In a recent interview with the Financial Times, former Bank of England Governor Mark Carney made the striking claim that ‘in 2016 the British economy was 90% the size of Germany’s. Now it is less than 70%’. This claim is garbage, for two reasons. Unfortunately, it is just one of a tsunami of fake statistics which is helping to turn public opinion against Brexit.
Indeed, Mr Carney went even further on the Radio 4 Today programme last Friday, when he appeared to blame the current surge in UK inflation and the latest increase in interest rates on the decision to leave the EU.
Let’s start with the Germany comparison. Mr Carney has attempted to contrast the sizes of the two economies over time using the prevailing market exchange rates. This in itself is dodgy. But even his own numbers are wrong, because he has mistakenly compared real (inflation-adjusted) GDP in the UK with nominal GDP in Germany.
This howler is revealed by the figures in a follow-up tweet in which Mr Carney showed his working. He stated that UK GDP was £2.1 trillion at the start of 2016, or 94% of Germany’s sterling-equivalent of £2.2 trillion, and that it is now £2.17 trillion, or 70% of Germany’s £3.10 trillion.
Eagle-eyed readers may have spotted that the percentages here (‘94%’ and ‘70%’) are different from those in the FT interview (‘90%’ and ‘less than 70%’). But there is a more serious mistake. According to Mr Carney’s numbers, the German economy has grown by more than 40% in sterling terms since 2016, whereas the UK economy has grown by less than 4% (you do the maths!). This obviously cannot be right, even allowing for swings in the value of the pound.
Digging further, it looks like Mr Carney has used annual data for 2015 and 2021. The German numbers are pretty close to the national data on nominal GDP, and appear to be correctly translated into sterling. However, his UK numbers match the official ONS data on real GDP. In other words, he is comparing ‘apples’ and ‘pears’, and this biases the comparison in favour of Germany.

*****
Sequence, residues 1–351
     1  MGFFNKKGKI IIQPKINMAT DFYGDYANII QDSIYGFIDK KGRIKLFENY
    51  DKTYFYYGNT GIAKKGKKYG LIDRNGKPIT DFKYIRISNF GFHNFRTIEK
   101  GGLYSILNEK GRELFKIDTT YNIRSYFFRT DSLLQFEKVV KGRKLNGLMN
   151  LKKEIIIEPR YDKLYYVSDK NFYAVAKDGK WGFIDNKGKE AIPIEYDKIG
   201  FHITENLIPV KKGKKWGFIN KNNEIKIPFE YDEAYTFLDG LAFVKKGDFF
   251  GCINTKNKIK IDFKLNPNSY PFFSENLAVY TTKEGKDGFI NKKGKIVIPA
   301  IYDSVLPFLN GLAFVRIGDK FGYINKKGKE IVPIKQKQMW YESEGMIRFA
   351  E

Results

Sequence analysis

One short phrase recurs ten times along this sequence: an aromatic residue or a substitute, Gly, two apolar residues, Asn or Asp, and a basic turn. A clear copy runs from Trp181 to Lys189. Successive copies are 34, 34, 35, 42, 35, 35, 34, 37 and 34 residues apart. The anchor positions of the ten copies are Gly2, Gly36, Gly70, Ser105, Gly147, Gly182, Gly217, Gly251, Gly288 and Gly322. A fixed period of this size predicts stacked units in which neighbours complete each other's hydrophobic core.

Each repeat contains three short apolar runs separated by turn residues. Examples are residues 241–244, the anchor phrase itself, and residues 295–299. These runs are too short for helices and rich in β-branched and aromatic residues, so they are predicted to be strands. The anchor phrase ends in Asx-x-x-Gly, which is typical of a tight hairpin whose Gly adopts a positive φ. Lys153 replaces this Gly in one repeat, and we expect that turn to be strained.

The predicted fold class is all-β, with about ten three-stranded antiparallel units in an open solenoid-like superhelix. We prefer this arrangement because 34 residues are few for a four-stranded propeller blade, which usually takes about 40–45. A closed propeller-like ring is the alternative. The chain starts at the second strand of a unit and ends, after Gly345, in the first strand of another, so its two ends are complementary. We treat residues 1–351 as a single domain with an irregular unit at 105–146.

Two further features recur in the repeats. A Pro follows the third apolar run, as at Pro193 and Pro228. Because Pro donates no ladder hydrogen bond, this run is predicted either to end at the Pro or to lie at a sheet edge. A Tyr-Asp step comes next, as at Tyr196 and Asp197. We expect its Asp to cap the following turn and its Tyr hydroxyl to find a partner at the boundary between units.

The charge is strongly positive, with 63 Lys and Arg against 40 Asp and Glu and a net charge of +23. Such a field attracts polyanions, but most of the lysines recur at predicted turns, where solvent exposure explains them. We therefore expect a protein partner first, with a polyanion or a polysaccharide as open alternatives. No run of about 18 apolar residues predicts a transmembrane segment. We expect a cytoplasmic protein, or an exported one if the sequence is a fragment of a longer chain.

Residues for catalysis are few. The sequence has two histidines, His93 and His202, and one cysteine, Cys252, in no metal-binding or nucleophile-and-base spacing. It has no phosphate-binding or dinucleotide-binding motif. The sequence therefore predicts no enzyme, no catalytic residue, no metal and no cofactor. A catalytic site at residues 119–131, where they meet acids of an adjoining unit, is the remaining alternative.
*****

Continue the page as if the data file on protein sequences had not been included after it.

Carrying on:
It is worth noting too that we now have UK and German data for the first half of 2022. On this basis, and using the right ONS data on nominal GDP, I estimate that the UK economy has ‘shrunk’ from about 87% the size of Germany’s before the EU referendum to about 76% now. Alternatively, if you keep it simple and just look at the World Bank database, UK GDP in current dollar terms fell from 88% of Germany’s in 2015 to 76% in 2021. Either way, the fall is only half as large as Mr Carney claimed.
Of course, these figures still suggest that the UK economy has substantially underperformed Germany’s since 2016. But that would still be the wrong conclusion.
Recall that Mr Carney attempted to compare economies using market exchange rates. At best, this approach is misleading. Other economists have been less charitable. Jonathan Portes has called Mr Carney’s claim a ‘zombie statistic’, while Ashoka Mody has dismissed it as ‘complete bulls***’.
There are three main problems here. First, market exchange rates can be volatile. As Jonathan Portes has put it, ‘the pound has risen by almost 10% against the dollar since the Truss nadir. Has the UK economy really grown by almost 10% relative to the US in a few weeks?’.